Michigan consumers continue to enjoy many varieties of pork products
Various breeds and styles of production offer many options of local pork products for Michigan consumers and they can can be confident that the variety of different pork products and retail outlets, whether local, state or national will not change.
Michigan agriculture is diverse in its makeup and provides consumers a wide range of crops, vegetables, fruits and meat products. Michigan consumers can purchase food products from supermarkets, grocery stores, farmers markets and local outlets knowing that much of what they purchase is produced locally, depending on the season. With a large number of local meat processors, Michigan consumers have a vast choice of meat products that range from national brands to locally processed meats. These local products can differ in a variety of ways from national brands. The differences range from various livestock care and management programs to the recipes used to create processed meat products such as sausages, ham, bacon and the like.
Pork production is a $265 million industry in Michigan, and production practices can range from modern methods where pigs are raised in environmentally controlled buildings to a mix of raising pigs inside and outside dependent on their age to where all pigs are raised outside. Each style of production has its advantages and disadvantages dependent on the type of market that the farmer wishes to market their pigs into, yet all of these different styles of production provide consumers acceptable products for consumption.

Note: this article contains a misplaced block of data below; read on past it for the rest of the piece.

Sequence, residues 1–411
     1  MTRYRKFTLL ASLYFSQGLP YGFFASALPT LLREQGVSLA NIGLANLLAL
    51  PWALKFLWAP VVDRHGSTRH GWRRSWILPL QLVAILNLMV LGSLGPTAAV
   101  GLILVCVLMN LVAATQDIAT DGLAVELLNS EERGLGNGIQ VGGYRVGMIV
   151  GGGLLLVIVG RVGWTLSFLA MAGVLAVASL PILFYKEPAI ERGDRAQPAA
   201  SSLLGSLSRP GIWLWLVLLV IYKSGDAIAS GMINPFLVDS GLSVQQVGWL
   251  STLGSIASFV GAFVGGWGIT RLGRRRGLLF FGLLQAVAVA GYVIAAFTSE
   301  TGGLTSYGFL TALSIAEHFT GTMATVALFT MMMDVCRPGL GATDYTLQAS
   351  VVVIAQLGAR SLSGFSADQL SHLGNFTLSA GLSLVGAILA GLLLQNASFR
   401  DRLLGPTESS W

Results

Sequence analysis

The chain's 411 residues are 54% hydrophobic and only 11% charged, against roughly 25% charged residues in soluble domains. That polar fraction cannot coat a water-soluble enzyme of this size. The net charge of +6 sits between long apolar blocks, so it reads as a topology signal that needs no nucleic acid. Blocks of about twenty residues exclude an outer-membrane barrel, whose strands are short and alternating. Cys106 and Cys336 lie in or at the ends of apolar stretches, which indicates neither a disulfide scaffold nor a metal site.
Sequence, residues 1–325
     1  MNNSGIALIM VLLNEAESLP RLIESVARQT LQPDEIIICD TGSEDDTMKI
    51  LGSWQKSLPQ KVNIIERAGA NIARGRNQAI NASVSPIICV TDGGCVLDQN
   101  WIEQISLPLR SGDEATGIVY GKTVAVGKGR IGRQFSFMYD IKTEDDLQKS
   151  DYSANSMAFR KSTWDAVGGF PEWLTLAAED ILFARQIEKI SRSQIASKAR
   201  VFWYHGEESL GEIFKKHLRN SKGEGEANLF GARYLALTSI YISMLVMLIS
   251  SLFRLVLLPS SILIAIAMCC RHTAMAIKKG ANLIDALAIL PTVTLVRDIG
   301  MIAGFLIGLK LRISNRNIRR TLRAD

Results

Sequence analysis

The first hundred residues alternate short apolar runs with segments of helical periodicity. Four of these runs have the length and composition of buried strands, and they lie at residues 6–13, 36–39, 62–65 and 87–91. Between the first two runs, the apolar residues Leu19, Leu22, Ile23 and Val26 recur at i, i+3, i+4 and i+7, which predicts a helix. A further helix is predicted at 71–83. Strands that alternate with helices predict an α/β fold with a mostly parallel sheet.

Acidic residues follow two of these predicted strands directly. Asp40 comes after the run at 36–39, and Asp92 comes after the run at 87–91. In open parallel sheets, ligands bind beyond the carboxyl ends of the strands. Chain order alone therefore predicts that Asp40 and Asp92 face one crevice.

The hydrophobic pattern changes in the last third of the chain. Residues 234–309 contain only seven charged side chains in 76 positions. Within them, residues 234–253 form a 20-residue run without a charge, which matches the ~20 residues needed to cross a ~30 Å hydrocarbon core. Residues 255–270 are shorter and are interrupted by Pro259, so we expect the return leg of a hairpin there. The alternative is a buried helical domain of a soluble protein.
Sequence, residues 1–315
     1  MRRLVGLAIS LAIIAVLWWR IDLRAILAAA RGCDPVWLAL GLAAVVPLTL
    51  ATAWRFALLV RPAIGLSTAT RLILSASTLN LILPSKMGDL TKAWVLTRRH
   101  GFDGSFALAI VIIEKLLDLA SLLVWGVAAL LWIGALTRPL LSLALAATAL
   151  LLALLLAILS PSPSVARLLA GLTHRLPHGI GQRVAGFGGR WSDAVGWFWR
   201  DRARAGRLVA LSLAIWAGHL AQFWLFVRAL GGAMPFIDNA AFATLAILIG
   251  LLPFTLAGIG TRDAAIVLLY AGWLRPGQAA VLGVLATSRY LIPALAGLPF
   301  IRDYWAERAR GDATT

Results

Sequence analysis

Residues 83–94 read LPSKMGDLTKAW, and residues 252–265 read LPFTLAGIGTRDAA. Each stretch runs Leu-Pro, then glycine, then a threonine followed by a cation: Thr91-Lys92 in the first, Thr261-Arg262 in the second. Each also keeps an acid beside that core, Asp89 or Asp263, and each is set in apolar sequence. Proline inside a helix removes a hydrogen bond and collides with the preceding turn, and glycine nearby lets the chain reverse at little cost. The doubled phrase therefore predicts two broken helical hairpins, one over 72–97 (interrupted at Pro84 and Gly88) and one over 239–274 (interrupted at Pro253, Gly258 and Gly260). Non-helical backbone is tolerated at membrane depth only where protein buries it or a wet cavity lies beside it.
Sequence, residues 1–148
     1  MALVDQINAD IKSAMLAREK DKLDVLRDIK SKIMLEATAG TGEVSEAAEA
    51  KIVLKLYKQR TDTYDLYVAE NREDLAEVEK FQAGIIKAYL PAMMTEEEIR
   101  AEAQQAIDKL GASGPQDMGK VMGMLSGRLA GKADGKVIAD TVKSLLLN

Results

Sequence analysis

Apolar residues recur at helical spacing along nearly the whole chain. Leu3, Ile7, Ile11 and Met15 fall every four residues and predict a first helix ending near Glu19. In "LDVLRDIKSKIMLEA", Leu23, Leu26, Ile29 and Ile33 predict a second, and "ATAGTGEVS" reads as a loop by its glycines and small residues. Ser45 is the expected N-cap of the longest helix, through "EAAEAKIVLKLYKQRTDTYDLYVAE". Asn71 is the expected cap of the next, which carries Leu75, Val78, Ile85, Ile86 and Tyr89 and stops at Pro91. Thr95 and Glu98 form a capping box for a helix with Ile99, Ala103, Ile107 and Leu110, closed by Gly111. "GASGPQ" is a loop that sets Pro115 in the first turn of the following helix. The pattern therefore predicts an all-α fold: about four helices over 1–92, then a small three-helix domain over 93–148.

The breeds or genetic background used in these different styles of production also can vary dramatically. The breeds a farmer will use typically are matched to the market that the farmer is selling their pigs into. Farmers who sell their pigs into markets that service state and national supermarkets and brands use breeds and crosses that are typically very efficient and lean, which appeals to health conscious consumers. Farmers who market their pigs into local markets or sell their pigs directly to consumers often use breeds and crosses that have more marbling and may differ in their cooking characteristics. Often these farmers will raise pigs outdoors, at least for a portion of their development, and the breeds they use may be more adapted to be raised outdoors.
The state of Michigan recently declared feral swine, and strains of swine that are of Eurasian or Russian Wild Boar heritage to be invasive. This regulatory order does not cover domestic swine breeds and crosses among domestic swine breeds. Furthermore, the order does not infer that domestic pigs that are raised in outdoor production systems are in violation of the order. Pork producers that are producing pigs from domestic breeds and breed crosses for human consumption are not in violation of the order, regardless of the type of production system they use.
Michigan pork producers who raise pigs of domestic breeds and crosses can continue to produce pork regardless of the production system they employ or the domestic market that they target for their pigs. Those producers who produce pigs for local and niche markets enjoy the same assurance as those producers who target markets that serve state and national grocery stores and supermarkets. Michigan consumers can be confident that the variety of different pork products and retail outlets, whether local, state or national will not change. Consumers will continue to enjoy the wide range of pork products within Michigan that they have grown accustomed to.